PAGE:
There has already been some progress, and we are expecting, thanks to the very good relations that exist between the two countries, to see significant progress during this visit, so that we can close this matter definitively. But I want to note that, although this is certainly an important issue in our bilateral relations, we also have many other issues that we will have the opportunity to discuss, as Libya and the Libyan authorities are making this great effort right now, as I said, to essentially rebuild the country.
Libya emerged from the conflict with major wounds. Greece stood by Libya with resolve throughout the duration of the revolution in the humanitarian sector as well. Let me just remind you that over 6,000 Libyans received assistance in Greece from Greek hospitals. But Greece also wants to support Libya now, as the country takes these steps to rebuild infrastructure so that it can complete what started with the revolution.
The two countries are linked by old and strong ties of friendship and mutual respect, and I believe that this is the best foundation for our being able to develop our relations even further. There is mutual will from both sides on this, and that is why I am certain that we will have very good results.
C. KAPOUTSIS: [off microphone] [Question concerning Greek-Libyan and Greek-Egyptian talks on the delimitation of maritime exclusive economic zones.]
G. DELAVEKOURAS: As you know, Greece’s policy is the delimitation of all maritime zones with all its neighbours, and we are pursuing this not just for the obvious economic benefits it has, but also because it is a decisive step toward strengthening regional stability. These agreements are agreements that essentially strengthen peace, and that is why we are in talks with all our neighbours.
I refer indicatively to Libya, about which you asked. Negotiations began between the two countries in 2007. We had the developments in Libya, which naturally did not allow these negotiations to move ahead at the same pace. But I know that the Libyan side – just as much as our side, naturally – wants to see progress on this matter as well. As I said earlier, we are going to Libya with an open agenda to discuss all the issues, and – given the mutual desire for progress on this issue – I believe we will be talking about this issue as well.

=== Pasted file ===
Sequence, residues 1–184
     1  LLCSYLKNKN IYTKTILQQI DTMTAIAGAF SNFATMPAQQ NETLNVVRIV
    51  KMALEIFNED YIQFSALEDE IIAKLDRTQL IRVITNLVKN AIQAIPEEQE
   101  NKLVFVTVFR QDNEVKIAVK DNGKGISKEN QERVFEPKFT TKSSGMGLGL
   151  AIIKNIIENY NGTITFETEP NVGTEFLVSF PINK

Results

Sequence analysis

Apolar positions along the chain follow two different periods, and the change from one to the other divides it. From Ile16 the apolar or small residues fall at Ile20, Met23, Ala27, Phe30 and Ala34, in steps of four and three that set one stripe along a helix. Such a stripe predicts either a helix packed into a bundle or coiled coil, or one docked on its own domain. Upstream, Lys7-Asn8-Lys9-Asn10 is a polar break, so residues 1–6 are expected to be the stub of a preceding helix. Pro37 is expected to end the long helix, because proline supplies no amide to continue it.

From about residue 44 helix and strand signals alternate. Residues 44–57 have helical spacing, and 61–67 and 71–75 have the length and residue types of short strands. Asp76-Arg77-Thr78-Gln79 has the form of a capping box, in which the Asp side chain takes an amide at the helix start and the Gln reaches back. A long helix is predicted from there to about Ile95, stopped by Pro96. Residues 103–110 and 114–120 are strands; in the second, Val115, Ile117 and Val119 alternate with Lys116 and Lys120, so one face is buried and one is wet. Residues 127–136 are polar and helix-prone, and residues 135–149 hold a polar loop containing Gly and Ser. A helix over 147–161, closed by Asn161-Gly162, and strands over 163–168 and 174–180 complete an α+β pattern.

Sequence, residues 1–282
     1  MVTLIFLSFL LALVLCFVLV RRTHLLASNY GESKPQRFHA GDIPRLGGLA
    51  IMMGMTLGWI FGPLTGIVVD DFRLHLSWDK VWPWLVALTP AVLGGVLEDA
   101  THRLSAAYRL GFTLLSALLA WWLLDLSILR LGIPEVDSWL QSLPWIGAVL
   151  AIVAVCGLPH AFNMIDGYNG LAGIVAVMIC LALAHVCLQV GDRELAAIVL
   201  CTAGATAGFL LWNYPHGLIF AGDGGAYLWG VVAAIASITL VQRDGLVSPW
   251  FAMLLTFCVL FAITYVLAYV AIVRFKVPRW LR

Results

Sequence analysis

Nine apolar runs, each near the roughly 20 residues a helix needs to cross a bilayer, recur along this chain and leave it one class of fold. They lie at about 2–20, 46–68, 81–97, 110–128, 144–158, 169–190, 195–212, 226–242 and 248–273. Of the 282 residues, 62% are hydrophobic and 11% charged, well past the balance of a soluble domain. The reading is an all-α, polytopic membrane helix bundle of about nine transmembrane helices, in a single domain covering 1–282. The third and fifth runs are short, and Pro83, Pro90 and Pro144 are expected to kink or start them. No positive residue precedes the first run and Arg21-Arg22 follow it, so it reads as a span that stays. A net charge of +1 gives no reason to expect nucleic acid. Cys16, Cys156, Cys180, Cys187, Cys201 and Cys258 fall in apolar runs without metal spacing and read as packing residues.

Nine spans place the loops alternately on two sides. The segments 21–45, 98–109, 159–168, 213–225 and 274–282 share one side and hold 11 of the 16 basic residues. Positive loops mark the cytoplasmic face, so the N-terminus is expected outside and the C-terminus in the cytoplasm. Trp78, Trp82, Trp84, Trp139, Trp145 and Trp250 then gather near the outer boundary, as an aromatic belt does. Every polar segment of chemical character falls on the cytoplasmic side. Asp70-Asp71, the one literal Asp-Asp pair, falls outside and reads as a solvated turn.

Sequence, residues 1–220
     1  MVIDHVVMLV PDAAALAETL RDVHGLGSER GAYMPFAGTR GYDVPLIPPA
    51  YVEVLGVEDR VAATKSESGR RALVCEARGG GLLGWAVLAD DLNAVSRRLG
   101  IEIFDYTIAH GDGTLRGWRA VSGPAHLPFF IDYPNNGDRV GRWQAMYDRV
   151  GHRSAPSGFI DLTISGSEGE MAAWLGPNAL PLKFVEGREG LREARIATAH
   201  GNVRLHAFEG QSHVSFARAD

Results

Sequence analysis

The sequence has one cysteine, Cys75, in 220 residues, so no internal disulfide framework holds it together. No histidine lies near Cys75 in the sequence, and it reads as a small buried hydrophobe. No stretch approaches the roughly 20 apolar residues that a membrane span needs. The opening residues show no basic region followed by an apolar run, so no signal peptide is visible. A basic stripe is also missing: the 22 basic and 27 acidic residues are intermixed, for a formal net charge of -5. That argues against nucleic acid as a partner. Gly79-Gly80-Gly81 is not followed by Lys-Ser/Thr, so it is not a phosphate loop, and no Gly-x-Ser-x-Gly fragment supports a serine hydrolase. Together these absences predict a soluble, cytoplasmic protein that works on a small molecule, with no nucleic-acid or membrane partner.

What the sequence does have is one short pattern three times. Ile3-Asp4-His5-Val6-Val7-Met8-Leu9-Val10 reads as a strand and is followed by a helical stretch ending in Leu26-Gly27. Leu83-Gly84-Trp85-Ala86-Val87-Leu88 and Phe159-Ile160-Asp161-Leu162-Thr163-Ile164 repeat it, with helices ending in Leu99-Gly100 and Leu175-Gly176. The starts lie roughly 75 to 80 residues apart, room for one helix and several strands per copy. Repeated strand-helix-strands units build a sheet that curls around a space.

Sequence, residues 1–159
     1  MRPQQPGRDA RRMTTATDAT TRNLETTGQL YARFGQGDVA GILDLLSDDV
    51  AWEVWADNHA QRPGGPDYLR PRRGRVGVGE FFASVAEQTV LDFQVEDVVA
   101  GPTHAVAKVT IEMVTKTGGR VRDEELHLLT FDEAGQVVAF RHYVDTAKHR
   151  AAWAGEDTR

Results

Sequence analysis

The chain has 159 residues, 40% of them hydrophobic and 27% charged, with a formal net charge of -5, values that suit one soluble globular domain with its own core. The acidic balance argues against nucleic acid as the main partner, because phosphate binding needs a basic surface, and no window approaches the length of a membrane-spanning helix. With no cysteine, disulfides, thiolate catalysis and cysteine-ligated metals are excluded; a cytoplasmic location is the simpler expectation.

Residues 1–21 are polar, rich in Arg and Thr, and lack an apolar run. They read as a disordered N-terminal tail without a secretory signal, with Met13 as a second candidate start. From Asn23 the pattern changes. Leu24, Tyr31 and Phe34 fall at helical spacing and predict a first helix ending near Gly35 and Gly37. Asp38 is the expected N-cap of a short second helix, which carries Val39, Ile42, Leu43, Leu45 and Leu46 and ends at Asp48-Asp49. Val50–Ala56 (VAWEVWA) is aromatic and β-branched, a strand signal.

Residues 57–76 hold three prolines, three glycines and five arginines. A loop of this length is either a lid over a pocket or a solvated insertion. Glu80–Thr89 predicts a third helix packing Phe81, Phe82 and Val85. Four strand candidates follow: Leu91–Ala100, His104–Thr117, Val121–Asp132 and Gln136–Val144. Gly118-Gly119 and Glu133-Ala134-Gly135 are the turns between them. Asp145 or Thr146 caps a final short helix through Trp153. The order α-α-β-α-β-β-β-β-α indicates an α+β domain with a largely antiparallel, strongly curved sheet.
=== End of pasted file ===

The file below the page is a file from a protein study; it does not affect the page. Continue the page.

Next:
With regard to Egypt, let me also tell you that the two countries, Greece and Egypt, have been in negotiations for some years now. There, too, with the revolution, we had major changes. And, as you know, political developments are continuing, but in the meetings Mr. Avramopoulos has had with his Egyptian counterpart, they have already discussed this issue, and the interest of both sides is clear: that we be able to move ahead, always within the framework determined by the Convention on the Law of the Sea, which both sides have ratified and are implementing.
S. RISTOVSKA: Mr. Spokesman, a question regarding a debate in Parliament that took place about 20 days ago. Golden Dawn MP Panagiotaros, asking a question of Mr. Tsiaras, used the term “Gyftoskopiani”. What is the Foreign Ministry’s stance, because I think it was the first time we have heard anything like that in Parliament, and whether you think Golden Dawn’s stance can create …, cause relations to deteriorate between the two countries with regard to the name issue.